I had cast a few times, settling into the night, when I saw a light in the sky, over the ocean to the east. It was a bright light, a beam, and it remained in one position. It did not seem to be a plane or a man-made light; it hung from the sky. By the time I reeled in the plug and cast again, the light was in the same place. I was not able to concentrate, the light was in my eyes.

A few years before, while visiting my parents in Maine, in the house where I grew up, I returned from a walk through the town, two miles away. I had planned on getting back before nightfall but it turned dark and I had a distance to go. I reached the street and was approaching their house when I noticed a strange light in the sky, a brilliant star perhaps. The star seemed to appear and disappear but it remained in a fixed position. I walked past my parents’ house, staring at the light, and came to a stop in front of the neighbors’ house. While looking up to the sky I was distracted by a figure in a window on the upper floor of their house. Soon another person appeared at the window, the two figures looking down at me. Because of my rare visits home, I no longer know who the neighbors are, nor do they know me. There in the night standing before their house, I could only be seen as an intruder. I did not like their looking, at me. I became alarmed that they would act, that they would call the police, or worse, that they would fling open the window and train a rifle on me. I took my keys from my pocket; I jangled them a few times then clenched them. I stepped back and walked away.

The front door to my parents’ house is always locked and I have never had a key for it; it is a door that is only used for special occasions. I had to enter the driveway that separates our house from the neighbors’. I walked up the long drive and saw that the two figures were in another window, trailing me. As I moved on, they went to yet another window. When the driveway reached the hedges, I disappeared from their view. I quietly went up the steps to the back porch of our house and became concerned that my parents, accustomed to living alone all these years, would also take as an intruder. I went inside; it was dark and I sat down in a chair at the kitchen table. A light was on in the other room but I heard no sound. I sat and waited. I was afraid that my father would emerge, that I would face the barrel of his rifle and that he would shoot his own son, point blank, before his old age could register who I was. I started to laugh, an uncontrollable laugh; I tried to smother it but could not. My father appeared in the doorway, and with the light from the room behind him, I could not see his features. He asked in an angry voice, “What are you laughing at?” I managed to say, “Jesus Christ, nothing,” and then added, “I’m waiting for dinner,” and I continued to laugh. He told me that I was a God-damn fool and that he always knew I was a fool, then he went back to the other room.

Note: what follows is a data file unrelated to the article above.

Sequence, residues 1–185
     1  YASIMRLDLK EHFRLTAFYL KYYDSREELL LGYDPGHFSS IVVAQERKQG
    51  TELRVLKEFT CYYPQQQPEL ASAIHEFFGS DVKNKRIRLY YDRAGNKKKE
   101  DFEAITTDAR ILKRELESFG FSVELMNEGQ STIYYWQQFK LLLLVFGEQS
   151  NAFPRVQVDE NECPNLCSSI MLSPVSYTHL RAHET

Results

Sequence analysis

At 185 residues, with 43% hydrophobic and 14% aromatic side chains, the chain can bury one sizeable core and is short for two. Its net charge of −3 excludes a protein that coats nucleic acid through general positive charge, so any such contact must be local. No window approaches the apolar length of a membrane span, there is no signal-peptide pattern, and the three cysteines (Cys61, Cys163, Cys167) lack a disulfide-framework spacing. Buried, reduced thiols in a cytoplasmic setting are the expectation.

There was a tug on the line but it proved to be nothing more than the current, the water rising fast. The light in the sky was gone. In the backwash of the waves I could hear the pebbles and rocks rolling over one another and over the boulders below. Before the tide came in too far I wanted to try another area. I went to the end of the breakwater and slid down the face of a boulder to a small patch of shingled beach; this spot was surrounded by waist-high rocks and each time a wave came in, the water cascaded off the sides.

The last of the breeze died and the night was calm. In the silence between the breaking waves I heard a splashing, as if the flat of a hand was slapping the water, the sound of fish breaking the surface. I cast the plug over the sound, the line forever peeling off the reel; I retrieved it slowly, bringing it back through their midst.

The White Shirt by Burt Barr
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Originally published in

BOMB 11, Winter 1985

Ralph Humphrey, John Jesurun, art by Amanda Means, David Salle, Julian Schnabel, Eric Fischl, Jackson Pollack, writing by Luc Sante, Kimiko Hahn, Tim Dlugos, and more.

Read the issue
011 Winter 1985